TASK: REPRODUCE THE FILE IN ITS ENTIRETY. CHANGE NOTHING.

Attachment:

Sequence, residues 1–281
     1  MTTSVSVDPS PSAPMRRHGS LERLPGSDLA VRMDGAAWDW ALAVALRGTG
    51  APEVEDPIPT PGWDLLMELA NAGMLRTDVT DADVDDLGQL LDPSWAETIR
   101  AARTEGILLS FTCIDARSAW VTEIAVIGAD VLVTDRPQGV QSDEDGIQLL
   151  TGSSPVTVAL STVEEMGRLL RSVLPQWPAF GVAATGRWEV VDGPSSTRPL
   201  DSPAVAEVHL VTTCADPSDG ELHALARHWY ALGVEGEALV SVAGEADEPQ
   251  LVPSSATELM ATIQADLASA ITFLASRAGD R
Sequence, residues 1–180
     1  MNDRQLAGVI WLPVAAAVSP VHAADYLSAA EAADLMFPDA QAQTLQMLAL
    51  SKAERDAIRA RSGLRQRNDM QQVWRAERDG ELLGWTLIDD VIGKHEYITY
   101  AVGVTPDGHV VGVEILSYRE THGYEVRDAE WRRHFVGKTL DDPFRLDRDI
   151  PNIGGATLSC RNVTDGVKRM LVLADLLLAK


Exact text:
Sequence, residues 1–281
     1  MTTSVSVDPS PSAPMRRHGS LERLPGSDLA VRMDGAAWDW ALAVALRGTG
    51  APEVEDPIPT PGWDLLMELA NAGMLRTDVT DADVDDLGQL LDPSWAETIR
   101  AARTEGILLS FTCIDARSAW VTEIAVIGAD VLVTDRPQGV QSDEDGIQLL
   151  TGSSPVTVAL STVEEMGRLL RSVLPQWPAF GVAATGRWEV VDGPSSTRPL
   201  DSPAVAEVHL VTTCADPSDG ELHALARHWY ALGVEGEALV SVAGEADEPQ
   251  LVPSSATELM ATIQADLASA ITFLASRAGD R
Sequence, residues 1–180
     1  MNDRQLAGVI WLPVAAAVSP VHAADYLSAA EAADLMFPDA QAQTLQMLAL
    51  SKAERDAIRA RSGLRQRNDM QQVWRAERDG ELLGWTLIDD VIGKHEYITY
   101  AVGVTPDGHV VGVEILSYRE THGYEVRDAE WRRHFVGKTL DDPFRLDRDI
   151  PNIGGATLSC RNVTDGVKRM LVLADLLLAK